Brauer said she might review the September death of Bobby Ray and the November death of A. Paul Carlock to see if there was anything the jail ought to have done differently.

"Anyone can improve the process," she said. "We can look at what happened in the other cases. We did already decide that, rather than having the (defibrillator) in main (the main section of the jail), we need one in the medical unit."

Harrison said jails sometimes ask entities such as the commission he heads to analyze their policies and procedures. The NCCHC has a set of standards developed specifically for local jails.

Brauer said, though, that the NCCHC's standards are too expensive to adopt and keep up. She said it would take two full-time employees just to make sure standards are being met.

But Wright said accountability is often a problem.

"The only thing jails tend to care about is that no one escapes. If someone escapes, people lose jobs over that," he said. "But killing someone through medical neglect - no one is really looking into that stuff."

About 4,000 people a year die in prisons or jails in the U.S., nearly all for medical reasons, Wright said.

Sangamon County has made recent changes.

The jail for years has had its own nursing staff - one registered nurse and three licensed practical nurses. The county also formerly contracted with a local physician and a local psychiatrist to work at the jail two hours per day two days per week.

The most recent doctors to hold those jobs were Dr. Joseph Maurer and Dr. Chauncey Maher, both of whom had contracts that started in 2001. Maurer was paid $7,000 per month, for a total of $84,000 per year, and Maher $4,000 per month, for a total of $48,000 per year, according to Jail Superintendent Terry Durr.

Brauer said a physician would see from seven to 14 patients in one two-hour period at the jail, and the psychiatrist might see between three and eight patients.

The county continues to have the same nursing staff, though it's currently one LPN short, Brauer said. She said services have not suffered because the county has a contract with a nursing agency to pick up the slack.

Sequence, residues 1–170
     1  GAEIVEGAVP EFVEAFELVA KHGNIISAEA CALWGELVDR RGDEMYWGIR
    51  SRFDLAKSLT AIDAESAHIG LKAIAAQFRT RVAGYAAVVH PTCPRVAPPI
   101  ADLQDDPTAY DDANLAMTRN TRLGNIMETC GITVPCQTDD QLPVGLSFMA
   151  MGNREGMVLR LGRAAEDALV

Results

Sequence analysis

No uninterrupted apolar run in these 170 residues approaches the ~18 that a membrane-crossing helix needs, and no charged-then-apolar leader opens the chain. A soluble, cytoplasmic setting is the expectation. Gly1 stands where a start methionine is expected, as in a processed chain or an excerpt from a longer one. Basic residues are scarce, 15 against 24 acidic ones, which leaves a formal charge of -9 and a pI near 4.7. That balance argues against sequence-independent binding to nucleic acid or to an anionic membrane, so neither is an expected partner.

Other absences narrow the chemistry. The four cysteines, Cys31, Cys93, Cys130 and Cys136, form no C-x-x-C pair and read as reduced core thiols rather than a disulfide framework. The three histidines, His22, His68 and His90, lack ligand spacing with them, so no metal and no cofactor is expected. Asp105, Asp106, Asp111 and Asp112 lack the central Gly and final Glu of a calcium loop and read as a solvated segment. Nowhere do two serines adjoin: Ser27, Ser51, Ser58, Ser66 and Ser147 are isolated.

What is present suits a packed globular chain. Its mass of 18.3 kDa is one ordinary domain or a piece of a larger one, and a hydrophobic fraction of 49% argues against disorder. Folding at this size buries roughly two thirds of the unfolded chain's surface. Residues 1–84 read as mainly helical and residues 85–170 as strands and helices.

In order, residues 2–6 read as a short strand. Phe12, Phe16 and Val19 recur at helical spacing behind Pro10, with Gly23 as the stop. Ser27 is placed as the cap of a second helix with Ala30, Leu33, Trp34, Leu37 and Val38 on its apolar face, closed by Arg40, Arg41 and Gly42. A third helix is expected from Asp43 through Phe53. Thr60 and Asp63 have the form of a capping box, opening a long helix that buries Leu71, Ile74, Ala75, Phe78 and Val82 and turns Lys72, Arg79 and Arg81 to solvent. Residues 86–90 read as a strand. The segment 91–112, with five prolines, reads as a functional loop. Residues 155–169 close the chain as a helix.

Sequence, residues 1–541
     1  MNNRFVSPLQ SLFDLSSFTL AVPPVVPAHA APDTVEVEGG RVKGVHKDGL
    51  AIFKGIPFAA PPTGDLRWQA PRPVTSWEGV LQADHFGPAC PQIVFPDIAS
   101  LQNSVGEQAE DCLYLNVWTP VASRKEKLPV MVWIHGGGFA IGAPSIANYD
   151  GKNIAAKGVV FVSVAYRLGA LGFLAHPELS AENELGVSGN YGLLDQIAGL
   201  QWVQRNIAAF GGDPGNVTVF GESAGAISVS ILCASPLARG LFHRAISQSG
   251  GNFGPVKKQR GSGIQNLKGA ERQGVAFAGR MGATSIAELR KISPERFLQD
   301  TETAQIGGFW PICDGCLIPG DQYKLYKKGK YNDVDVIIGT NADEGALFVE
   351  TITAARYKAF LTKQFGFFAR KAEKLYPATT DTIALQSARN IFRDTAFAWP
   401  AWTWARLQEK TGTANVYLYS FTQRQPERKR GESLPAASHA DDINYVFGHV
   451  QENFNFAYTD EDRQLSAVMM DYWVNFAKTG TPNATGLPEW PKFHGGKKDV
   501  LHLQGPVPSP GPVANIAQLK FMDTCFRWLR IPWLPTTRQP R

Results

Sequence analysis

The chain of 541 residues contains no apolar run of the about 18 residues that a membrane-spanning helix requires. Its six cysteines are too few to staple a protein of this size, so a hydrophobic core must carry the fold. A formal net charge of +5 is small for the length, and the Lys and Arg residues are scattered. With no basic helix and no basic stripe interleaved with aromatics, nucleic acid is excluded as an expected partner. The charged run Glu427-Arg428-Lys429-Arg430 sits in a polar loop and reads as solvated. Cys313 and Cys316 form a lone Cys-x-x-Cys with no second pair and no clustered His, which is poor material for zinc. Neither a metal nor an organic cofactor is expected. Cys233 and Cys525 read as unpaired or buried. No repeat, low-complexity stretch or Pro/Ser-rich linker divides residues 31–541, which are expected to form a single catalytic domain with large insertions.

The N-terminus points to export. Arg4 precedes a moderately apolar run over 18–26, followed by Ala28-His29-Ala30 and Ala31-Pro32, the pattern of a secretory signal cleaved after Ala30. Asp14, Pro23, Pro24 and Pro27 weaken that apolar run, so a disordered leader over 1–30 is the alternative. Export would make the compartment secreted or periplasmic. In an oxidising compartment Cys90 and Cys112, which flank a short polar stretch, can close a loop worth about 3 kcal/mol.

However, on Dec. 1, Sangamon County contracted with Peoria-based Health Professionals Ltd., a company that specializes in providing health care to correctional facilities. HPL, in turn, contracts with two doctors to provide the services previously provided by Maurer and Maher, Brauer said.

The contract is expected to save the county $300,000 a year over the next three years, McCrady said. Sangamon County will pay $269,482 a year to start, with small increases in each of the three years of the agreement.

McCrady said HPL has an umbrella malpractice insurance policy and, because it serves more people, can get drugs at a discounted rate. The company also can get better deals on other medical necessities, such as wheelchairs and walkers.

"It's economies of scale," McCrady said.

HPL was started in the mid-1990s by husband and wife Drs. Stephen and Theresa Falcon-Cullinan and others. Theresa Falcon-Cullinan is listed as president in secretary of state records.

Stephen Cullinan was one of 85 partners in the failed President Abraham Lincoln Hotel and Conference Center downtown. The hotel now is being operated by a company hired by the state. His ownership share was less than 1 percent, published reports said.

State campaign finance records show Cullinan and Falcon-Cullinan are regular contributors to Republican candidates. Williamson is a Republican, but he said last week he had never met Cullinan and has no political connections to him. There have been no donations to Williamson from Cullinan or his business, the campaign records show.

The county hopes that hiring HPL marks a change for the better, McCrady said.

"We have the same or better services for less money," he said.

"The job of working at the jail is the hardest job we have at the county. It's really tough. I've never done it, but I've been close enough to know I don't want to. People come to the county jail as punishment, not for punishment. The sheriff would never tolerate those kinds of activities - or the county board."

Wright said, in his experience, medical care can decline when corrections health-care companies take over because they are profit-driven companies and tend to cut services to increase profit.

Spikes in death rates, as Sangamon County is seeing now, can indicate major problems, he said. But the spate of deaths also could be a coincidence, Wright said.

"I don't think any corrections professionals would disagree that no one should be dying in government custody in county jails. They should be getting taken to the hospital. If they're that seriously ill, what are they doing in jail anyway?"

Some deaths are unavoidable, he said. People can drop dead of heart attacks in the best trauma center in the world. "It's their time," Wright said.

But when inmates are in a guarded facility being monitored, a death is more likely to be something else, Wright said.

"Typically, the cases in jail are a pattern of neglect - a situation that builds for hours, days and weeks before it gets to a point they die."

Sarah Antonacci can be reached _at 788-1529 or sarah.antonacci_@sj-r.com.